The goal of this research is to explore how the processing of auditory stimuli in the brain can go awry (leading some people have aversive reactions to stimuli that most people consider innocuous).
To gain a better understanding of how these averse reactions are controlled by the brain, we are building on our research over the past 30 years. We have shown that the brain region called the amygdala is key to such responses.
One area of the amygdala , the lateral nucleus, is involved in receiving sensory inputs and another, the central nucleus, controls the expression of responses. Over-reactivity to auditory stimuli could be due to a hypersensitive lateral amygdala or an over-reactive central amygdala.
We will study animals that show exaggerated responses to auditory stimuli and will record activity in the lateral or central nucleus to try to determine whether the problem is due to hyper-sensitivity or hyper-reactivity.
If results are promising, we could pursue brain imaging studies in humans, to try to confirm that these results apply to humans as well, helping us to discover ways to treat the problem.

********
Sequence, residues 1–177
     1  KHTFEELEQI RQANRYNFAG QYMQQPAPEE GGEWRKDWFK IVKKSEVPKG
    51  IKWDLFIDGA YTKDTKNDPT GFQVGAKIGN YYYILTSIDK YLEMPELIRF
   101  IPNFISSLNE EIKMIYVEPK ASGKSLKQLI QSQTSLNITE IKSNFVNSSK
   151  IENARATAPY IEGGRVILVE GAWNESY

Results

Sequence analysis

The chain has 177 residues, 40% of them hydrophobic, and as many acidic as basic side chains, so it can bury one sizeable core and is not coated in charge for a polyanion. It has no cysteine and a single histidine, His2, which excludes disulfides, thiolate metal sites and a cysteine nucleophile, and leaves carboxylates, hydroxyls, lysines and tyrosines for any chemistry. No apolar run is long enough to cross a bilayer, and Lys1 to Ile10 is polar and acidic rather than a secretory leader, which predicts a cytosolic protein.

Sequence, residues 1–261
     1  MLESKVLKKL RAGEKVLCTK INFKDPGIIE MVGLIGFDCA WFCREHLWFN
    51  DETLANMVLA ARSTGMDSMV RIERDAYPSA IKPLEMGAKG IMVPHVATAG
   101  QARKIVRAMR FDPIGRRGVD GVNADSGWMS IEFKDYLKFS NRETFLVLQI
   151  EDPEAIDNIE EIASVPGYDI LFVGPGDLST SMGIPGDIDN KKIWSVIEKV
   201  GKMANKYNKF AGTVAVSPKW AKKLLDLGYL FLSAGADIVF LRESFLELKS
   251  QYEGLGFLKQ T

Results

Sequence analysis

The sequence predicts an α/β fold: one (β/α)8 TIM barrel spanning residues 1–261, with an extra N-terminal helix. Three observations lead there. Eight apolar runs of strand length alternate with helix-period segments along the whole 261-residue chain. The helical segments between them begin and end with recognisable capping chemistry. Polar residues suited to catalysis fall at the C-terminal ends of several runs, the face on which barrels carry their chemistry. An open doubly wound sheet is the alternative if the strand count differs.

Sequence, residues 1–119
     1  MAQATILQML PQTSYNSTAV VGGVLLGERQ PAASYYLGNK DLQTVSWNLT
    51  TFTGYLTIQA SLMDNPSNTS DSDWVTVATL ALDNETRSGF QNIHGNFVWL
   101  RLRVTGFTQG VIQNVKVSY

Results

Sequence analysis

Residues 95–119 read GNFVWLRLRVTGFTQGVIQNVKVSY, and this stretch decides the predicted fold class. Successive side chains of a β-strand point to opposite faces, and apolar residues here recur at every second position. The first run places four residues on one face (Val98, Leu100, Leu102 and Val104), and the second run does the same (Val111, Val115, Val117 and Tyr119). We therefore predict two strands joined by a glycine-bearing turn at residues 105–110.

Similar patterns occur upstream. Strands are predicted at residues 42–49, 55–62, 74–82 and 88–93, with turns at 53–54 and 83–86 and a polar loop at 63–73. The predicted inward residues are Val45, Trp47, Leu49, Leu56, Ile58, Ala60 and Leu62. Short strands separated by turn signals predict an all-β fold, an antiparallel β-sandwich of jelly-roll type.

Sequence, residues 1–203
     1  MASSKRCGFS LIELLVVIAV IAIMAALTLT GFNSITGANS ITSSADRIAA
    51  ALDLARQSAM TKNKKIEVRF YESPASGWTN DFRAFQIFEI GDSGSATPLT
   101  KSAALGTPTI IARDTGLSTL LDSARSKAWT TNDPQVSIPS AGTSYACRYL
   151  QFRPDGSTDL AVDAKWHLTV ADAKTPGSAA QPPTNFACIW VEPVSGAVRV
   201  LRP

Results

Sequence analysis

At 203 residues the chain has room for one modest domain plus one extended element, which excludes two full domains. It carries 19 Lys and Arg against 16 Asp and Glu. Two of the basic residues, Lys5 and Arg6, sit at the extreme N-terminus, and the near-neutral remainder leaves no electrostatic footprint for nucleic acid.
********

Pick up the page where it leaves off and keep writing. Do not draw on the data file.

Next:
For more information about this study please email Jennifer at [email protected]
About Joseph E. LeDoux
Dr. LeDoux is the Henry & Lucy Moses Professor of Science at NYU in the Center for Neural Science, and he directs the Emotional Brain Institute of NYU and the Nathan Kline Institute. His work is focused on the brain mechanisms of memory and emotion, and he is the author of The Emotional Brain and Synaptic Self. Dr. LeDoux has received a number of awards, including the Karl Spencer Lashley Award from the American Philosophical Society, the Fyssen International Prize in Cognitive Science, the Jean Louis Signoret Prize of the IPSEN Foundation, the Santiago Grisolia Prize, the American Psychological Association Distinguished Scientific Contributions Award, and the American Psychological Association Donald O. Hebb Award. Dr. LeDoux is a fellow of the American Academy of Arts and Sciences, the New York Academy of Sciences, and the American Association for the Advancement of Science, and is a member of the National Academy of Sciences. He is also the lead singer and songwriter in the rock band “The Amygdaloids”.